Monthly STEM Executive Highlight: Nicole Sohn, Journey Discovery Center
Who are you and your company?
Nicole Sohn, Executive Director at Journey Discovery Center
My passion for early learning began as a preschool teacher in Spokane, working with high risk children to instill a lifelong value around education. I work with early learning providers, educators and the business community to address access and affordability for families and businesses to high quality early learning. I have worked in early learning for 19 years as a teacher and Executive Director/owner of a preschool in Spokane, focusing on the impact high quality early learning has on the future success of children in our communities.
I am currently serving on Spokane-based Greater Spokane Incorporated’s (GSI) Board of Trustees and participate in coalitions and committees across the state to inform early learning policy. I will also be joining the Association of Washington Business (AWB) Board in the fall of 2019. I hold undergraduate degrees in both communication and children’s studies from Eastern Washington University and am currently obtaining my MBA from Gonzaga University. My husband and I live in Spokane with our two sons.
What role/or industry do you represent in the STEM Executive Committee?
The STEM Executive committee allows me to connect the important work of early learning, specifically Early STEM, to the broader STEM conversation both locally and for Washington. Because 90% of brain development happens between birth to 5 years old, being intentional around Early STEM is a key conversation to address intentional investment early for the biggest payoff long term for every child.
What does STEM mean to you? And why do you feel STEM is important?
STEM is a critical component of our current birth-12 education system and our economy. A focus on STEM education and skill sets will only continue to increase in its importance. Proactively preparing today’s children for a future with STEM in mind allows every child in Washington state to have diverse options as they enter our workforce.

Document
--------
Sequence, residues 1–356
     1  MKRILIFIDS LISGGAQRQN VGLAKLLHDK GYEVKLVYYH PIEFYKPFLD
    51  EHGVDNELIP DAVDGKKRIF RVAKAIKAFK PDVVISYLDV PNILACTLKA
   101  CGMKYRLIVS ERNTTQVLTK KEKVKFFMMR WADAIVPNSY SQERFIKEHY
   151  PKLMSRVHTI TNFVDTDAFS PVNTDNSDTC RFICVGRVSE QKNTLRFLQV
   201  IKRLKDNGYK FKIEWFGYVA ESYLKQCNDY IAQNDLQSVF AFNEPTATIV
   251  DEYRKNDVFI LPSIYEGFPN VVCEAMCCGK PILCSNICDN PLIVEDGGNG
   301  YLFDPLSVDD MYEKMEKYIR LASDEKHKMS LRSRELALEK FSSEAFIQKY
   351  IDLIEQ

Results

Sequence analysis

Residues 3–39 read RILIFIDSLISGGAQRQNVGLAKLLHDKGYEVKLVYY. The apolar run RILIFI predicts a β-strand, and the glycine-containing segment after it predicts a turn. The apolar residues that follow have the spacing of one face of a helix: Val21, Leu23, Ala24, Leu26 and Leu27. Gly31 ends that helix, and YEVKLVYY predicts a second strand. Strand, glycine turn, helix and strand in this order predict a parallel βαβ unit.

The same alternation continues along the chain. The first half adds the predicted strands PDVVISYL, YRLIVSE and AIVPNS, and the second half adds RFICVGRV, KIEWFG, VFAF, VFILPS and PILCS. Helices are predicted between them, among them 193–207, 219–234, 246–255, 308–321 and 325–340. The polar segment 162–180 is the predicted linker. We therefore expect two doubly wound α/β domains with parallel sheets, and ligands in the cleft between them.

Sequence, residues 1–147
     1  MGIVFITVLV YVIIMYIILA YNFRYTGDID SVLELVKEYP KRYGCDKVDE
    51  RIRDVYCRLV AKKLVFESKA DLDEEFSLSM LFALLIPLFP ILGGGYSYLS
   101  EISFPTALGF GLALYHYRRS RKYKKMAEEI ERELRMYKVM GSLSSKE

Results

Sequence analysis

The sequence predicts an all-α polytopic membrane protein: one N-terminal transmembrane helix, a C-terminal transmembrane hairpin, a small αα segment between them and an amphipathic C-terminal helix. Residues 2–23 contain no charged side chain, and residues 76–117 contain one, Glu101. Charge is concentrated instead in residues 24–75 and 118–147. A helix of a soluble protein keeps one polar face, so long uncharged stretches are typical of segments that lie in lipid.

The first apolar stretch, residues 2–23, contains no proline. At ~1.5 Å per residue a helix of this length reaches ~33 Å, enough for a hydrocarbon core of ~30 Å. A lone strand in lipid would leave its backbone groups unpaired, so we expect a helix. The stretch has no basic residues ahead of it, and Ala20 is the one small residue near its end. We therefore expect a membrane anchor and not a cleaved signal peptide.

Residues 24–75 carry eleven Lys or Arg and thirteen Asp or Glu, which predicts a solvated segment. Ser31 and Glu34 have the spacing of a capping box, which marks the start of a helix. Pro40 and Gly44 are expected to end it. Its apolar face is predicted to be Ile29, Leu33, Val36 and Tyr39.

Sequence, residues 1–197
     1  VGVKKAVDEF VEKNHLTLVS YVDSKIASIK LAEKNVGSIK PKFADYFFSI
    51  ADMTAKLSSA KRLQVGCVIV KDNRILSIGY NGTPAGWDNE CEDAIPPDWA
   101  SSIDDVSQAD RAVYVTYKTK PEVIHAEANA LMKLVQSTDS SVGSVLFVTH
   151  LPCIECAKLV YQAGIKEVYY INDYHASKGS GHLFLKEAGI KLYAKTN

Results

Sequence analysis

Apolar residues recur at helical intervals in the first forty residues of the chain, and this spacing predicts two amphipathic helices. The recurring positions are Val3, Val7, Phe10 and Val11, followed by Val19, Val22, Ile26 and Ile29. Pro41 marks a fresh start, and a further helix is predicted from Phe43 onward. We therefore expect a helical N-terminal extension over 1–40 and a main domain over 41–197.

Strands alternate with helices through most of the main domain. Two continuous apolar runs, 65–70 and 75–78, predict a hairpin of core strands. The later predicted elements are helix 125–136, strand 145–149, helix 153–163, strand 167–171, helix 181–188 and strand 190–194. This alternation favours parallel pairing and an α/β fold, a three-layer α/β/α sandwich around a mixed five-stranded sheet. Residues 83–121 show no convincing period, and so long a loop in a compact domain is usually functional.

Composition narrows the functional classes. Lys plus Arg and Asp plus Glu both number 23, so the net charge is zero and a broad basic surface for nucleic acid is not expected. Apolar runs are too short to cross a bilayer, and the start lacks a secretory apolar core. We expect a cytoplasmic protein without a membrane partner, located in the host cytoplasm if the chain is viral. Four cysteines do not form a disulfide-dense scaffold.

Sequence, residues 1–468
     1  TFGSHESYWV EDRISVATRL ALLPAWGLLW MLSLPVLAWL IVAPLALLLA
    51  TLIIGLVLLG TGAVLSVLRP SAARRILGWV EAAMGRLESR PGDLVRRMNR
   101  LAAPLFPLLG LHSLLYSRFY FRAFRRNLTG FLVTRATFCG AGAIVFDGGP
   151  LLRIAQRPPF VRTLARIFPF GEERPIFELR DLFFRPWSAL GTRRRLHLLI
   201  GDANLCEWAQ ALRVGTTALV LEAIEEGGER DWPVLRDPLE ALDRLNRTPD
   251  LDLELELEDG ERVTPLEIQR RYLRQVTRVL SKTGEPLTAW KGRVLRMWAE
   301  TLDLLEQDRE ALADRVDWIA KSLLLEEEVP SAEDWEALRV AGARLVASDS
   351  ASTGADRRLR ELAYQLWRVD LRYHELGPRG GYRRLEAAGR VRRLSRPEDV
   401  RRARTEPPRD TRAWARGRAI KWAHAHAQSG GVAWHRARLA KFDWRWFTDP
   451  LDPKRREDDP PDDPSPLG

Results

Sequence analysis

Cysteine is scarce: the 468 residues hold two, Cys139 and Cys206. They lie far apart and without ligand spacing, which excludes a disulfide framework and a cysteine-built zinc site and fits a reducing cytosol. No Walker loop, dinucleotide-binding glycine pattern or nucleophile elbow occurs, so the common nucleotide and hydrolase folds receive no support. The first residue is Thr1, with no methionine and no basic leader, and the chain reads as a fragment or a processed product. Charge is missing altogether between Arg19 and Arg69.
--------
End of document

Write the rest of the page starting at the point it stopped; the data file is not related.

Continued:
The opportunity that Early STEM offers children to reduce gaps in school-readiness and remove barriers for children and families furthest from opportunity will only continue to strengthen Washington’s economy now and in the future.
Looking ahead, what would 1-2 things would you like to see happen in Spokane?
1. Invest in Early STEM through supporting our local early learning programs where STEM education is currently happening, including child care, so that we see the biggest impact for kids and families today and build the best future economy.
2. Build deeper connections between our early learning, public and private, systems with our K-12 system for better communication and collaboration.
Why is it important to have a regional leadership team for statewide work?
Spokane is a great city to have a big impact and see results. Because of our size, we have created a well-connected community while also having the benefit of great leaders, industry and education. Regional leaders from Spokane can give insight to a statewide network from both an urban and rural perspective, which is vital when considering the diverse people who live and work in all our communities.
What else should our STEM Community know?
Our teachers at Journey Discovery Center have had the amazing opportunity to create STEM kits inspired by our Spokane Libraries to allow families to take home STEM learning activities furthering Early STEM happening at our school and at home.